The “My Ten Most Influential Books” Me...

The “My Ten Most Influential Books” Meme Marches On

Via Jacob Grier, who I keep pointing out gives me too many of my blog ideas, we have this non-cocktail related blog idea: List the ten books which have most influenced your world-view, and why.

Here we go:

  1. The Lord of the Rings—I’ll have a lot more fiction on my list that others I’ve seen. Tolkien’s book(s) completely changed my life. They utterly remade my expectations of all books, increasing my reading attention span by an order of magnitude. They also raised my expectations of what an author could and should produce. I don’t expect, well, anyone to duplicate Tolkien’s scope, but I find myself utterly brutal in my evaluation when I encounter shallow thought.
    Moreover, LotR instilled a sense of scope and grandeur in my mind-set. For well or weal, I tend to on the one hand look for that grand scale to think about, and on the other to assign a grand scale to whatever interests me….
  2. King Lear—Until I read Lear, I never got any of the other Tragedies. I enjoyed MacBeth and Romeo and Juliet, but I didn’t feel them at any visceral level. In fact, I did not ever really feel the painful impact of any serious litt until Lear unlocked something in me.
  3. Cocktail: The Drinks Bible for the 21st Century—A fun gift from my wife led to… well… this obsession. Paul Harrington changed my life is some fundamental ways. Whether or not this is a good thing remains open to question….
  4. Six Crises—Yep, that’s right. Richard Nixon’s first book is among the most influential upon me. If you have not read anything he wrote, and he wrote a lot, he was a heckuva writer.
  5. Accounting Principles—Yep, my first Accounting textbook. I never took Accounting with any intention of being an accountant. I took it as a foreign language. I’ve slogged through a lot of texts beyond this one, and all taught me a number of things, especially how to understand what financial types and bureaucrats are really saying, and how much difference there may be between that and what they seem to be saying.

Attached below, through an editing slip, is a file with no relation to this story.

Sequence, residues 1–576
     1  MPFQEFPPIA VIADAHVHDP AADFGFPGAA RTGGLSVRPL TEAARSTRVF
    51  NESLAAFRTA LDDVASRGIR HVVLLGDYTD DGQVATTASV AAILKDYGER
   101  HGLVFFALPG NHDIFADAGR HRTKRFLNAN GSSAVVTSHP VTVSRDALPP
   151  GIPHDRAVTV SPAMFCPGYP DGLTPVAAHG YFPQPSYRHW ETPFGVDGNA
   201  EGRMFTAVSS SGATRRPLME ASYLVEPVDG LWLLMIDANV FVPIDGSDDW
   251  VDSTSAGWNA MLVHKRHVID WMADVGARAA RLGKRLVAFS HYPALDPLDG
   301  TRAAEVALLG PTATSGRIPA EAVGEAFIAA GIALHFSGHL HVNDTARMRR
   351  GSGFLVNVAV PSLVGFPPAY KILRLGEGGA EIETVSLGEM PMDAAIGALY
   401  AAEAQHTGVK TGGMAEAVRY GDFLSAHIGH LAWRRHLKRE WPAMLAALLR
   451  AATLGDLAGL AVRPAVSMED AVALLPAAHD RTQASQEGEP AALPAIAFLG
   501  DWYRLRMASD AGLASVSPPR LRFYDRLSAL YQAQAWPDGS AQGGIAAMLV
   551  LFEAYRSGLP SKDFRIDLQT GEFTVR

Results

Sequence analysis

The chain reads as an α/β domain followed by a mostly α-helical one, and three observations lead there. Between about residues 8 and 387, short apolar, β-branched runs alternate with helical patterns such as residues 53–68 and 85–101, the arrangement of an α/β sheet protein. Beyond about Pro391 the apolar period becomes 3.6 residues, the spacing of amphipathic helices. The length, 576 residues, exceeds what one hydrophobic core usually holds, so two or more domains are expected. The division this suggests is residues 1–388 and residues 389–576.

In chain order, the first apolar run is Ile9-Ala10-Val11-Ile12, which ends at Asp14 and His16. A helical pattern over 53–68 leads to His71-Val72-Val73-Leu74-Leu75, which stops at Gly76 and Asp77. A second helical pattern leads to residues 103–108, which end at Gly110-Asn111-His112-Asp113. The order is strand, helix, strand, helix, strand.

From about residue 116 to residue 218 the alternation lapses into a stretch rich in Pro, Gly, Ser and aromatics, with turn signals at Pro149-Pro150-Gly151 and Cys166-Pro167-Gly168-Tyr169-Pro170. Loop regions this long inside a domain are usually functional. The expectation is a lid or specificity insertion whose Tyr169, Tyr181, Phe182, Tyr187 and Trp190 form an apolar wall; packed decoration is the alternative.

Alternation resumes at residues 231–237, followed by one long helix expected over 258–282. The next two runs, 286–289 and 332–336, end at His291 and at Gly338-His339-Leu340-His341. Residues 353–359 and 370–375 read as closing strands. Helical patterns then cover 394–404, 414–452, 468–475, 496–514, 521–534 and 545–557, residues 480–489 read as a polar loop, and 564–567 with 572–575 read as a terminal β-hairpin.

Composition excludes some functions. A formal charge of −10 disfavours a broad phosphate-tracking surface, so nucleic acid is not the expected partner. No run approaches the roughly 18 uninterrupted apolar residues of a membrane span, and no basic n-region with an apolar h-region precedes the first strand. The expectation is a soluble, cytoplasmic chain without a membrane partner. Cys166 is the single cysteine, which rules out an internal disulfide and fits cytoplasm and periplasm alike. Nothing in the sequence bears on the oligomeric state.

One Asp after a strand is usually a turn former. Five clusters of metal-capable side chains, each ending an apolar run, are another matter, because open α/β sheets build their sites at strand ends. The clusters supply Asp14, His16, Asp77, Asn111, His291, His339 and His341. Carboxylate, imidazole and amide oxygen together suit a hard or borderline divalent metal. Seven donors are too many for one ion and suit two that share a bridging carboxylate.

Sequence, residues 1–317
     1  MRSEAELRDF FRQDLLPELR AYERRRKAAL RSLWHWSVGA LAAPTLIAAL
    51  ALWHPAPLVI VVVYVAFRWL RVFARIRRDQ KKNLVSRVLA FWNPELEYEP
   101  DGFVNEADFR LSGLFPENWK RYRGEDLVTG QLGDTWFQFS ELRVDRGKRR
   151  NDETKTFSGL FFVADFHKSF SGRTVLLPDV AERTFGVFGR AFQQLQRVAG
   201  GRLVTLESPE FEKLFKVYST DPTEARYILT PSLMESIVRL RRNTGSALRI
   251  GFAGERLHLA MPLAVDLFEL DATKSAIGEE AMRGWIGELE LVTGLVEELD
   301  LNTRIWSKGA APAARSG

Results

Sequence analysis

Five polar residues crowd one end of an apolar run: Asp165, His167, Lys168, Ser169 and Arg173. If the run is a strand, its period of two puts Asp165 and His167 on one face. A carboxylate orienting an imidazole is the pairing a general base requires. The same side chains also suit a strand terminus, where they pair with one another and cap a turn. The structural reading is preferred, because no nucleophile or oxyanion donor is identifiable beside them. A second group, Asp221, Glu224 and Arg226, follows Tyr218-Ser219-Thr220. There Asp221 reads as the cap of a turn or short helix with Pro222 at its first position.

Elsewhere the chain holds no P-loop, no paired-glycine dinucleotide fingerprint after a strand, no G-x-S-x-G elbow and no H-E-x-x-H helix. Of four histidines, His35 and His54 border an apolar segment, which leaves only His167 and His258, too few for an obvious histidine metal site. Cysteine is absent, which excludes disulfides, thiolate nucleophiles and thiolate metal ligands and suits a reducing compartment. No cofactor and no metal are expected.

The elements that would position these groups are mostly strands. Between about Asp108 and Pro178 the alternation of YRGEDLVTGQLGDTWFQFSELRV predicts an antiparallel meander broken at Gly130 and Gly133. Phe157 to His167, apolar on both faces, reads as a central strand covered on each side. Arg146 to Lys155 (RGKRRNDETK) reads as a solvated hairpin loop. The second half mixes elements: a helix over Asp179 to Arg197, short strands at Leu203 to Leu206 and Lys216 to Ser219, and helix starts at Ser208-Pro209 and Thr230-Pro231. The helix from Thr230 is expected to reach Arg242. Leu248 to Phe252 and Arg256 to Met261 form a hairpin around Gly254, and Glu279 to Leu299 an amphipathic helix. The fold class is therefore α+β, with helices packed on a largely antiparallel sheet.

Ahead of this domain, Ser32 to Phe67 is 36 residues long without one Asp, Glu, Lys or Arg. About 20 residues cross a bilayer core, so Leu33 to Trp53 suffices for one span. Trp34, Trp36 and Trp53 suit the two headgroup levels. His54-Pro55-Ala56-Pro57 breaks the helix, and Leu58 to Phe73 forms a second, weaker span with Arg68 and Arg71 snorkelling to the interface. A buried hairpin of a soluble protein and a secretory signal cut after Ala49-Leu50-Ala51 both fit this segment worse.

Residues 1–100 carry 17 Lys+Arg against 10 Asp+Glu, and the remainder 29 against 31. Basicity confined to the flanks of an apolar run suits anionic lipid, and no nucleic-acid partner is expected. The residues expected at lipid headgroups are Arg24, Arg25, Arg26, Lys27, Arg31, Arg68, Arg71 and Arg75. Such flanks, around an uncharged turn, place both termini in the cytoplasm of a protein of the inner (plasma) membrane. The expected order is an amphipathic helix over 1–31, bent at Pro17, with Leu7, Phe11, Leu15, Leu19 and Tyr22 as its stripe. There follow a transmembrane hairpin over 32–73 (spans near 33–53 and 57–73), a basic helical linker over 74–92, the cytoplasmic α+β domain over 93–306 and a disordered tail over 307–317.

6. The Gardener’s Palette—My other major creative outlet, sadly neglected these last few years, is gardening. This simple little garden planner unlocked for me the concept that gardens were a creation, that they don’t just happen.
  7. How to Make War—To be a responsible citizen in a democracy in a dangerous world (i.e. this one) you need an appreciation of how war works, the pressures it places on societies, what it can and cannot accomplish, and how unbelievably awful it is. If you learn of these issues only from our pop culture, or from pointy-headed, tweed jacketed types in the Ivory Tower, you are not equipped to do your job. This book won’t fully do the job either, but it at least addresses the subject as dispassionately and apolitically as any work out there.
  8. The Dungeon Master’s Guide—Seriously. I haven’t played D&D for 22 years, but the endless hours I spent with it when I was young shaped my personality and relationships in so many ways. From D&D, not writing classes, I learned to be a story-teller.
  9. The Bible—God knows, I don’t live by it. But I have read most of it at one time or another. There is of course much to learn within its pages, but the most important thing you learn from reading its fascinating, occasionally horrifying, pages is how you personally react to it. Atheist or believer, examine your reaction to this book, and you will learn a lot about yourself.
  10. Whatever book it was that led me to a haphazard way of approaching everything in life, especially the creation of lists like this.


  1. Paul Harrington

    28 April

    After reading that Cocktail is number three on your list is quite humbling. I still owe you an explanation on the Pegu, I have not forgot, I am just a procrastinator. Call me some evening this weekend and we can chat. I will be in DC at a convention and am currently looking for some cocktail tips.


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